Senate uncovers N5bn shortfall in education ministry budget

By The Citizen
Listen to article

The Senate Committee on Basic and Secondary Education on Thursday said it had uncovered N5bn shortfall in the amount provided for meal subsidy for the unity schools across the country and the personnel cost of King's College, Lagos in the 2016 budget proposal submitted by President Muhammadu Buhari.

The Vice-Chairman of the committee, Senator Rose Oko, said the anomaly was discovered   during the collation of the 2016 budget by the Senate Committee on Appropriation.

Oko explained to the lawmakers that only N6.8bn was proposed for meal subsidy in unity schools instead of N11.2bn needed.

The amount, according to her, was inadequate for the unity schools meal subsidy, adding that the implication was that the amount provided would only be enough for six months.

This, she added, meant that the ministry would need to look for N5bn to meet up with the shortfall.

She also told the appropriation committee that there was an omission of N338m from the personnel cost of King's College.

She explained that instead of N375m, the ministry budgeted N37m as a result of typographical errors which brought about the shortfall of N338m.

However, the Chairman of the Senate Committee on Appropriation, Senator Danjuma Goje, assured Nigerians that the committee would accommodate the omission in the final budget.

He said his panel would find a way of looking for N5bn in order to cater for meal subsidy in unity schools and personnel cost at the King's College.

Meanwhile, the Senate on Thursday assured Nigerians of effective monitoring of the 2016 budget implementation by involving the various civil society groups in its oversight functions.

The Chairman of the Senate Committee on Diaspora and Civil Societies Organisations, Senator Rose Oko, who stated this in her office, said the Eight Senate had resolved in its legislative agenda that it would engage, very robustly, the major stakeholders.

She said the civil society groups remained major stakeholders that were critical to the success of the current administration's determination to tackle corruption and achieve fiscal discipline.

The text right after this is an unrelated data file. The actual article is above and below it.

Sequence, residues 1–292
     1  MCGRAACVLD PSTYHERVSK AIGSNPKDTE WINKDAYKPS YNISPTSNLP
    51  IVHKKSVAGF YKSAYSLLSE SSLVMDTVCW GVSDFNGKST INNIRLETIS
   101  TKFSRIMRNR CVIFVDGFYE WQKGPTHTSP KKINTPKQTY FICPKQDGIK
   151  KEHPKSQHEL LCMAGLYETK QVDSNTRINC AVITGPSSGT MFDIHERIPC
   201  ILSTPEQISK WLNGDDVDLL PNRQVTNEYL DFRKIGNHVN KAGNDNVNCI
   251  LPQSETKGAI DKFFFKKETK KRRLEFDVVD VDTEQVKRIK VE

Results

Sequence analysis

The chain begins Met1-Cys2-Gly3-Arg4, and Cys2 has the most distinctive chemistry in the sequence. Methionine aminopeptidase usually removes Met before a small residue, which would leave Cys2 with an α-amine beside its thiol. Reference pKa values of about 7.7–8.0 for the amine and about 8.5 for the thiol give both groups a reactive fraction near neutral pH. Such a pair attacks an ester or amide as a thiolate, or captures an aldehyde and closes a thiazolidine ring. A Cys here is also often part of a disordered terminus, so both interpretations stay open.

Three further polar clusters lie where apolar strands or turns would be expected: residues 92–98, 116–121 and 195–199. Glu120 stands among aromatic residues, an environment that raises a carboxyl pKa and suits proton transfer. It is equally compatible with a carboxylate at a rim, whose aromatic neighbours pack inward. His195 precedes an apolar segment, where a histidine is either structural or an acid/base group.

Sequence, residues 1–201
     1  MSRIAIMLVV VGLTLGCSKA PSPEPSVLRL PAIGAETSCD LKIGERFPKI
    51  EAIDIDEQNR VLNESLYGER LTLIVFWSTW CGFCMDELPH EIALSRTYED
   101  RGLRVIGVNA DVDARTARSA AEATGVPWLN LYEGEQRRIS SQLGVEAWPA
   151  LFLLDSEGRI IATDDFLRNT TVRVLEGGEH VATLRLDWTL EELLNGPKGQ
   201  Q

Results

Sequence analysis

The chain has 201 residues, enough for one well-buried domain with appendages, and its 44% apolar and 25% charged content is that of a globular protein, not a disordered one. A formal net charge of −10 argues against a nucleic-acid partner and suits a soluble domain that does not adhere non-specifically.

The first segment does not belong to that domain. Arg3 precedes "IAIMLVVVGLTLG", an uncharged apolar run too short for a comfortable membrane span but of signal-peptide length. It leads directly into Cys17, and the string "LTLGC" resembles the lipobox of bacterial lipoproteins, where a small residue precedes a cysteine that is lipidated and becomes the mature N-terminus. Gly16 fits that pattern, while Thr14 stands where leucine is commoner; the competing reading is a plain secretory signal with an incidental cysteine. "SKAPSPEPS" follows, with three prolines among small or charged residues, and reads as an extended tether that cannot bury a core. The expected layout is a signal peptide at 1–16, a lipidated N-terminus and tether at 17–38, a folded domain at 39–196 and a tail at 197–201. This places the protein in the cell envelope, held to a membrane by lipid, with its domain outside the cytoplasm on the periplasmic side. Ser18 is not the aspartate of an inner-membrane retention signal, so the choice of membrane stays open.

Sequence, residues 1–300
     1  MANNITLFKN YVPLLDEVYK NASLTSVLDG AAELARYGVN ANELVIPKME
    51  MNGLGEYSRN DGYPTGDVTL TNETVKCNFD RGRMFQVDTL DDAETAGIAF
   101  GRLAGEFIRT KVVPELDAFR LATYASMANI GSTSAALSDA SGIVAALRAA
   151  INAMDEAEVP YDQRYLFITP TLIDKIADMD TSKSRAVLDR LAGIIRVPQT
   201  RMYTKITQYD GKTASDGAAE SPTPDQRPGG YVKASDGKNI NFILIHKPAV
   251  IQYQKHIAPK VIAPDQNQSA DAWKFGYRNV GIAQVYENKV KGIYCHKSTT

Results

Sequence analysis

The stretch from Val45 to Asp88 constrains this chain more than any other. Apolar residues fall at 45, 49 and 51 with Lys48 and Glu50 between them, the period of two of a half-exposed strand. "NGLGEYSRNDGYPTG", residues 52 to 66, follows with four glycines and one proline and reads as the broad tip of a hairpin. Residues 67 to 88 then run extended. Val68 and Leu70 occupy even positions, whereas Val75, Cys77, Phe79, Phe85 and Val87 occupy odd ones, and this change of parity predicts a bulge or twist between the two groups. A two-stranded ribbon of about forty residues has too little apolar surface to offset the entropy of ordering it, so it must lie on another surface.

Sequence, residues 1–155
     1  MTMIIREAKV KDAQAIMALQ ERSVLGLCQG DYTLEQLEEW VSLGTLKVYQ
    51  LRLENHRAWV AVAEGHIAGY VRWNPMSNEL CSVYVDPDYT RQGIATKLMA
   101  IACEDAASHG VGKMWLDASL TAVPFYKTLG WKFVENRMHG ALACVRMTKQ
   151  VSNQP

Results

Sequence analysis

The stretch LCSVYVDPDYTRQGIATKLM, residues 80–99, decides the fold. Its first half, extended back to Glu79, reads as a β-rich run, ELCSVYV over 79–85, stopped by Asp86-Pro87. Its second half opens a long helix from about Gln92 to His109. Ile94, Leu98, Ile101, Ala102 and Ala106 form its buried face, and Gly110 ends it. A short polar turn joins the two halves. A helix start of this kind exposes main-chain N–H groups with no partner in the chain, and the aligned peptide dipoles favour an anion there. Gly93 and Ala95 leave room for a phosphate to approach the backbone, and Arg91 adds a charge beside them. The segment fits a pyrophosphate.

She said that the contributions of all the civil society groups who participated in the interactive session with the National Assembly on the 2016 budget would be taken into consideration and adopted by the federal parliament.

She said, 'Going forward, the Senate has promised to involve adequately the CSOs in the process of budget passage, monitoring of its implementation and oversight on Ministries, Departments and Agencies, to curb corruption and extravagance.

Oko said the Senate would soon draw out a programme of action that would bring on board, the CSOs in the area of oversight and other aspects of legislation.

She said, 'We will work out the details of the oversight since this is the first time we are experimenting such an arrangement. The CSOs have also challenged us to be more open with our budget and we have assured them.'

The report of her committee's engagement with the CSOs, was considered on Thursday, with the various groups asking the Federal Government to allocate 10 per cent of the 2016 budget to agriculture.

They also frowned on the inflation of contract in virtually all the parastatals in the Federal Ministry of Education and urged the National Assembly to address the issue as part of measures to tackle the rot in the sector.

The groups, therefore, urged the federal parliamentarians to ensure proper clean-up of the budget before its eventual passage next month. - Punch.